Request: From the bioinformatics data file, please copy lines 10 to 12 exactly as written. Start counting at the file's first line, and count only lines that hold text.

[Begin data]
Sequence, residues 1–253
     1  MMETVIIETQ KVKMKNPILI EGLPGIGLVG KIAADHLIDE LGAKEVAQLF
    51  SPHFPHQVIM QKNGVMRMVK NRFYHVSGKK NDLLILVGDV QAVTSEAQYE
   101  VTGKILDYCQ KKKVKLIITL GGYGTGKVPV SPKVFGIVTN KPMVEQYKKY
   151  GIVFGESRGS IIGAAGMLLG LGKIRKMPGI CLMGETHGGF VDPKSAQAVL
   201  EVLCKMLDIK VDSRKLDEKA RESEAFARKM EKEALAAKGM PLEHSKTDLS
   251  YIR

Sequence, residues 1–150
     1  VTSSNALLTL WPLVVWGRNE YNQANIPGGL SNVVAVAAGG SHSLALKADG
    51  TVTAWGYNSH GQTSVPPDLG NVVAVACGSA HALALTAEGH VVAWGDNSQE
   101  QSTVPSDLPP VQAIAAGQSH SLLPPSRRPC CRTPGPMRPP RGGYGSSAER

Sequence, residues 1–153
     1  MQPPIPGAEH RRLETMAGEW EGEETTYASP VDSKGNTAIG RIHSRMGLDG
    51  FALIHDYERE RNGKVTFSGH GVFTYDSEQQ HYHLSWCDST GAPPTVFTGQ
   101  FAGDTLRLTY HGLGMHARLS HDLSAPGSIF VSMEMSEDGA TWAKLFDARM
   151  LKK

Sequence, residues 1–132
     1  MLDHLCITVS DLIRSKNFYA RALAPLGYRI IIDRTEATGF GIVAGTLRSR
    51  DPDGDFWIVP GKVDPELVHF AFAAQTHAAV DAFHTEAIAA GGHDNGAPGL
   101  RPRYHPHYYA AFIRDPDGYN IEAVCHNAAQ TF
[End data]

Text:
    51  TVTAWGYNSH GQTSVPPDLG NVVAVACGSA HALALTAEGH VVAWGDNSQE
   101  QSTVPSDLPP VQAIAAGQSH SLLPPSRRPC CRTPGPMRPP RGGYGSSAER

Sequence, residues 1–153